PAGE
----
26.

Suppose Darrell has $4,000 in currency which he deposits in his bank. If the reserve ratio is 25 percent, this will lead to a maximum increase of ________ in M1 throughout all banks. A) $0 B) $4,000 C) $6,000 D) $12,000 Points Earned: 0.0/0.5 Correct Answer(s): D

27. If the banking system has a required reserve ratio of 40 percent, then the money multiplier is A) 2. B) 2.5. C) 4. D) 8. Points Earned: 0.0/0.5 Correct Answer(s): B

28. A bank may make loans until its A) required reserves are exhausted. B) excess reserves are exhausted. C) total assets are exhausted. D) total liabilities are exhausted. Points Earned: 0.5/0.5 Correct Answer(s): B

29. Suppose Kaylee withdraws $4,000 from her bank. If the reserve ratio is 25 percent, then this will lead to a decrease in M1 of A) $1,000. B) $4,000. C) $8,000. D) $12,000. Points Earned: 0.0/0.5 Correct Answer(s): D

30. Isabel receives a check for $7,000 from Kermit and deposits it in her bank. Suppose that the reserve ratio is 10 percent. As a result of this transaction the money supply will A) increase by $70,000. B) decrease by $63,000 and then increase by $70,000. C) decrease by $70,000 and then increase by $63,000. D) not change. Points Earned: 0.5/0.5 Correct Answer(s): D

31. Which of the following serves as the central bank for the United States? A) the Federal Reserve System B) the Treasury Department

C) the Federal Deposit Insurance Corporation D) the Congress Points Earned: 0.5/0.5 Correct Answer(s): A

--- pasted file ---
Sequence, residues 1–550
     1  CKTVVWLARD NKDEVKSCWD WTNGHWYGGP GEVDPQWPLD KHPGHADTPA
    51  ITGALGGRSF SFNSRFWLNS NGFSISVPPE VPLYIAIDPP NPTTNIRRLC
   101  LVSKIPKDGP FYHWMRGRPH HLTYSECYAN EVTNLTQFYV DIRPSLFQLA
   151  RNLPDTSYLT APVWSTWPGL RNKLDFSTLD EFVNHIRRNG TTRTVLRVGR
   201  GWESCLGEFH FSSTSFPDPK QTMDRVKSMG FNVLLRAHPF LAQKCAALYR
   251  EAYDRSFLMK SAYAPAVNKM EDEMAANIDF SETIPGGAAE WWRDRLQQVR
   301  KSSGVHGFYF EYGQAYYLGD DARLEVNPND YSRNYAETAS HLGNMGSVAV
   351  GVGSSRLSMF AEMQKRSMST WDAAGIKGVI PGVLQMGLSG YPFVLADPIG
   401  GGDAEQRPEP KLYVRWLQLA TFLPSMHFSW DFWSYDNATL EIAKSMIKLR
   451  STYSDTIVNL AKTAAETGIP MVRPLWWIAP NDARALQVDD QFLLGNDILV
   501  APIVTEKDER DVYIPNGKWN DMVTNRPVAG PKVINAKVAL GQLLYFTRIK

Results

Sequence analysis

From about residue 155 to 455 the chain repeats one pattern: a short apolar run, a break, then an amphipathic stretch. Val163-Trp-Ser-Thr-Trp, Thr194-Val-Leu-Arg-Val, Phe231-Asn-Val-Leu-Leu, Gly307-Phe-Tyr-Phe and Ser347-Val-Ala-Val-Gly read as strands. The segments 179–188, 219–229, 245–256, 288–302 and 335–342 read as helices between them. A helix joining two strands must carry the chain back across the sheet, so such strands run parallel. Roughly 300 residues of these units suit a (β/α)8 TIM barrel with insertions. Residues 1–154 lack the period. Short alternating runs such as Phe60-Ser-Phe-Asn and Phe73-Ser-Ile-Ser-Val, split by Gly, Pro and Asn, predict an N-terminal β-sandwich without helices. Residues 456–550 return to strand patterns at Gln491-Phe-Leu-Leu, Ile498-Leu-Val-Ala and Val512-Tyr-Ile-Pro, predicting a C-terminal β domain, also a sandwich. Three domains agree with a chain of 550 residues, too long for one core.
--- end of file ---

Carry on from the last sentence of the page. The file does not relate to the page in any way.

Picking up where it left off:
32. When checks are exchanged between banks, the Fed oversees the banks to ensure the appropriate funds have been transferred. This is known as A) check kiting. B) check clearing. C) check floating. D) check balancing. Points Earned: 0.5/0.5 Correct Answer(s): B

33. Which of the following is NOT a subgroup of the Federal Reserve System? A) the Federal Reserve Banks B) the Federal Funds Market C) the Board of Governors D) the Federal Open Market Committee Points Earned: 0.0/0.5 Correct Answer(s): B

34. The group responsible for deciding on monetary policy is the A) Federal Open Market Committee. B) Board of Governors only. C) Federal Advisory Council. D) group of 12 Federal Reserve Bank presidents only. Points Earned: 0.0/0.5 Correct Answer(s): A

35. The purpose of having the members of the Board of Governors of the Federal Reserve serve fourteen-year terms is to A) ensure that the governors become well-experienced at policymaking. B) insulate the governors' policy decisions from the influence of presidential elections and politics. C) promote unity of opinion from shared time together. D) establish long-standing ties with high-level officials of other nations' central banks. Points Earned: 0.0/0.5 Correct Answer(s): B

36. The Federal Reserve is ________ the U.S. Treasury. A) independent of B) a part of C) a creation of D) under the control of Points Earned: 0.5/0.5 Correct Answer(s): A

37. There are ________ Federal Reserve Banks located in different parts of the United States. A) 10 B) 12 C) 15 D) 50 Points Earned: 0.5/0.5 Correct Answer(s): B